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Success! I intend to mix up the pictures on occasion so our “art show” stays fresh.

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Colored Stacking Cups

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Here’s a twist on a recent game I played with Veronika, in which I simply presented her with a stack of plastic cups to pile and nest any which way.

This time, I had a pack of pretty cups in see-through pastels: think spring greens and rosy pinks, and daffodil orange.

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I gave Veronika the cups in hopes of not just stacking and nesting but also so we could play around with light and shadow. Veronika is so into her shadow these days (“Hi shadow!” she says on our walks), so I knew she would love this.

Sure enough, first she was just interested in the cups as…cups.

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To my amazement, she quickly had them in one huge pile!

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Lest I think this was just an accident, she then moved the cups out of her big pile and created another, off to her other side.

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But the real magic happened once the sun was at an angle, streaming into our living room. I showed her how the rings of the cups showed up as a circle shadow on our rug.

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“Hi shadow!” she said. You can then play around with how the shadow changes depending where the cups are stacked, or even just at different angles to the sun.

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Needless to say, they were just gorgeous to play with in the window.

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Although the building of complicated structures is beyond Veronika at eighteen months old, I loved showing her the dazzling effect.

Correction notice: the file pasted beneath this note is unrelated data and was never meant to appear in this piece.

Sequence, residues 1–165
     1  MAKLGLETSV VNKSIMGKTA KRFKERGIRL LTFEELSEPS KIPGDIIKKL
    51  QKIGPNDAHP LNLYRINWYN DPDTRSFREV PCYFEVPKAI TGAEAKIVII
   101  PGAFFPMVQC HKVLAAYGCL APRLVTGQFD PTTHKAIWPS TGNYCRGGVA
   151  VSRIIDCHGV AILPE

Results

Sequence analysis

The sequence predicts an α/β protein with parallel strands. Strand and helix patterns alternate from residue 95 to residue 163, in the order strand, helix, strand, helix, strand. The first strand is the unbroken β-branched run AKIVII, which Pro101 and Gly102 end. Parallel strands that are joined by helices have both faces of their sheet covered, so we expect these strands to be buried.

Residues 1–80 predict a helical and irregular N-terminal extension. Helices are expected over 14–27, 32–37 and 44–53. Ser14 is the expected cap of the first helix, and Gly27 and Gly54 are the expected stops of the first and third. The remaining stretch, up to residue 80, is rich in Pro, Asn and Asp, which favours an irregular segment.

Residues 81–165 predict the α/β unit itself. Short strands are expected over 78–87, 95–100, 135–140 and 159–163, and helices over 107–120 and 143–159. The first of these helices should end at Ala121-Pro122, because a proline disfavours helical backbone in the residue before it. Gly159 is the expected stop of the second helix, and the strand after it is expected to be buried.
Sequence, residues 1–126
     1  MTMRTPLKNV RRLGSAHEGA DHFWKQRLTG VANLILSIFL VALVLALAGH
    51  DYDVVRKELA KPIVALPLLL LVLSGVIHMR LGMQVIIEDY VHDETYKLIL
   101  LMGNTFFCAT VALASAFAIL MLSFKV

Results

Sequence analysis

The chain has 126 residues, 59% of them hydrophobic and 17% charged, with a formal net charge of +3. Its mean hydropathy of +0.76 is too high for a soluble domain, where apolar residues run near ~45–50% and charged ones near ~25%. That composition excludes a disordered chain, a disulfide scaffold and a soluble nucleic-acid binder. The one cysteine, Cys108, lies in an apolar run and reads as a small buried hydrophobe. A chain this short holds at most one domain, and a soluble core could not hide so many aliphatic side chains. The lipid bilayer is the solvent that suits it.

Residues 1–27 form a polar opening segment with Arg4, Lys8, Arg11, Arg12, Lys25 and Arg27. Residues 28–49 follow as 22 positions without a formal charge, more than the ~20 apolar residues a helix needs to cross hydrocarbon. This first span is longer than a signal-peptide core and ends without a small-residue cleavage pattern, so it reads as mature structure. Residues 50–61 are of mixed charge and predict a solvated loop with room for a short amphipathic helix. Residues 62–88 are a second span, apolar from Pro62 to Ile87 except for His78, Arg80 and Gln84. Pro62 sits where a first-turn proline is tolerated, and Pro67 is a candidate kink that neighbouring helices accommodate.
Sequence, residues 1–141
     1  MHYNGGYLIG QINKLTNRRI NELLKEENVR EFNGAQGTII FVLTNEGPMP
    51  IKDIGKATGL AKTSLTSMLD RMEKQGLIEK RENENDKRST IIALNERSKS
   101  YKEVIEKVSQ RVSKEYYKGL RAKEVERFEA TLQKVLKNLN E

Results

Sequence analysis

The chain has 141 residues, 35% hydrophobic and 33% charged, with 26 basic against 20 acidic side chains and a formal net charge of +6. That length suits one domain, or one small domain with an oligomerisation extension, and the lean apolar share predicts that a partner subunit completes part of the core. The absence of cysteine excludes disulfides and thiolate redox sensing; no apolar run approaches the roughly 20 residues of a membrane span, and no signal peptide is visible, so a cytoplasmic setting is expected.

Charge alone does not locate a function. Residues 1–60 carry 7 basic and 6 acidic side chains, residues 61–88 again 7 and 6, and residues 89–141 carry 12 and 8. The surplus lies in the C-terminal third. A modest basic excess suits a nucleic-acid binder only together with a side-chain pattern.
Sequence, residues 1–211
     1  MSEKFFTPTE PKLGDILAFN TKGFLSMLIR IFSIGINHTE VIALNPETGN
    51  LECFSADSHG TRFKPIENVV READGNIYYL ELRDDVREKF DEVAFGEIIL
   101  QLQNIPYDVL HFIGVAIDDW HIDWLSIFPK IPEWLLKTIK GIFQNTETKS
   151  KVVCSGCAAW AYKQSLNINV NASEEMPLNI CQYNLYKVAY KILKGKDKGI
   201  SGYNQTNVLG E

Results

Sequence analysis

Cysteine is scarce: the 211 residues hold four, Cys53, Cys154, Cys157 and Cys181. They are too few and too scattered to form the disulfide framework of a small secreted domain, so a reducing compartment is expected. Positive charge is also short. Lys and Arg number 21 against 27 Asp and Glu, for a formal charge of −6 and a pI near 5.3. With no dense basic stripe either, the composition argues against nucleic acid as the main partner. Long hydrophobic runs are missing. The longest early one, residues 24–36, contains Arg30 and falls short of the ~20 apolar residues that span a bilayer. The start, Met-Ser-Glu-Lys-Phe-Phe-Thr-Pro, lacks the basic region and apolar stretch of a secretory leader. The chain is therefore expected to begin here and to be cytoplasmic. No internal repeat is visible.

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She loved adding the finishing touch!

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And when the sun goes down, you can just go back to regular cup towers.

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Kindergarten Home School Week 7: Tuesday

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For the second time, I built Travis’s school lessons around a summer K-to-1st grade workbook instead of the school’s lesson plan. This method continues to engage him far more.

9-9.30: STEM. The corresponding workbook page was about following directions for a train maze (words like up, behind, left, right, etc.). Travis gamely followed with a pencil…and then it was time to engineer the real thing!

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He set up a track with masking tape and then gave me instructions toward “treasure”. Things got a bit off track (pun intended!) when he started adding Magna-tile structures as traps along the way, but I guess it was good to encourage extra building and imagination!

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As a bonus, the train play kept baby sister busy, too.

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9.30-10: Weather. The corresponding workbook page was about packing for a trip to the hot desert, crossing off items that didn’t belong in the suitcase. We made this hands-on with a real suitcase after!

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Travis selected shorts, baby swim diapers, summer sandals, and other hot weather gear. We even threw in a little subtraction: If I have five items and angry pirates take two, how many items are left? Get silly with your subtraction stories!

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10-10.30 – Snack/free play. Chances are that suitcase full of items will spark a game or two. Meanwhile I kept baby sister busy with magazines.